President Trump said North Korea has "no respect for human life, and that's been proven over and over again," during remarks with South Korea's president on June 30. He called on "all responsible nations to join" in putting more sanctions on the nation. (Reuters)

President Trump on Friday denounced the “reckless and brutal” regime in North Korea and demanded that Pyongyang choose “a better path” to de-escalate tensions on the Korean Peninsula over its nuclear weapons program.

Appearing in the Rose Garden with new South Korean President Moon Jae-in, Trump pledged a “determined response” to the threat and renewed calls for regional allies and powers to implement stronger economic sanctions on Pyongyang, a day after his administration sanctioned a Chinese bank over allegations that it laundered money for North Korean companies.

“Our goal is peace, stability and prosperity for the region,” Trump said in a prepared statement. “But the United States will defend itself, always will defend itself — always. And we will always defend our allies.”

The show of solidarity between the leaders of two allied nations comes after Moon swept to power in the wake of the resignation of his predecessor, Park Geun-hye, who was undone by a financial scandal. Moon had campaigned on a platform of greater engagement with North Korean dictator Kim Jong Un, whose bellicose rhetoric and ballistic missile tests have drawn rebukes from the White House. Moon also has questioned the need for the U.S.-backed THAAD missile defense system being installed on the peninsula that has been opposed by China and Pyongyang.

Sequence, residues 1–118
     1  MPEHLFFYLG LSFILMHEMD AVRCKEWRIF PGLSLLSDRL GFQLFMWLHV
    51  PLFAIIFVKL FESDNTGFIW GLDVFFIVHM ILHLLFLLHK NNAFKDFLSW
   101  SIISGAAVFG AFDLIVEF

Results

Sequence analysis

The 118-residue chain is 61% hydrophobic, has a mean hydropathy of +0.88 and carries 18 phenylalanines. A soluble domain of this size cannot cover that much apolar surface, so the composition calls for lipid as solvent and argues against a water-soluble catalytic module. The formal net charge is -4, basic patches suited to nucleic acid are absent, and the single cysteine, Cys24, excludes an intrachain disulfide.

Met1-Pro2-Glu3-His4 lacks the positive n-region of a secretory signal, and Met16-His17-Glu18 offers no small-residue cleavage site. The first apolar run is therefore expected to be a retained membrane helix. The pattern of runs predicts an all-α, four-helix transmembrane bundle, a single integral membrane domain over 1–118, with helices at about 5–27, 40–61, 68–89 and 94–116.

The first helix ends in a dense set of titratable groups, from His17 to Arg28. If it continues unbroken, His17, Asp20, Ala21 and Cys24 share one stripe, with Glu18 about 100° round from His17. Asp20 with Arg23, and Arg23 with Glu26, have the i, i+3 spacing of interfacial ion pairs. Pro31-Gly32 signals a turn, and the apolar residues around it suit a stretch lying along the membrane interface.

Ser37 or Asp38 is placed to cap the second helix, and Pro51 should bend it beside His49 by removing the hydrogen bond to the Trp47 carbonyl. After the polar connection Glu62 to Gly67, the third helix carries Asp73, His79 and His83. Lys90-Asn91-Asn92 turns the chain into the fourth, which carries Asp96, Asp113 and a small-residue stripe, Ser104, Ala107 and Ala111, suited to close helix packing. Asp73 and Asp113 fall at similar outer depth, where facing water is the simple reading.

President Trump and South Korean President Moon Jae-in in the Rose Garden of the White House on Friday. (Photo by Calla Kessler/The Washington Post)

Trump and Moon, who met for a working dinner Thursday and follow-up meetings Friday, touted a warm personal relationship, but Trump made clear that he had demands for Seoul, including the renegotiation of a bilateral trade deal, negotiated by the administrations of George W. Bush and Barack Obama and ratified by Congress in 2011.

Trump called on Korea to allow greater market access for American automakers.

“We talked last night and today about some tough trade issues like autos and steel,” Trump said. “I was encouraged by President Moon's assurances that he is working to create a level playing field so American workers and businesses and especially automakers have a fair shake.”

Neither president offered a specific path forward on dealing with North Korea.

“We must employ sanctions and dialogue in a phased-in and comprehensive approach,” Moon said. The denuclearization of the peninsula “must be resolved without fail. North Korea should by no means underestimate the firm commitment by South Korea and the United States in this regard.”

Reporters baked in the 84-degree sun as they waited more than an hour for the event to begin. Unlike the president's announcement on the Paris agreement, when the garden was packed with reporters, this Friday-before-a-holiday-weekend event had dozens of open seats.

Among Trump's aides in attendance were Commerce Secretary Wilbur Ross, Defense Secretary Jim Mattis, Secretary of State Rex Tillerson and White House advisers Jared Kushner and Kellyanne Conway.

Trump did not answer questions yelled out by reporters, including whether he would apologize for a tweet he posted Thursday that disparaged morning television host Mika Brzezinski.

On Friday afternoon, Trump tweeted: “I am encouraged by President Moon's assurances that he will work to level the playing field for American workers, businesses, & automakers.”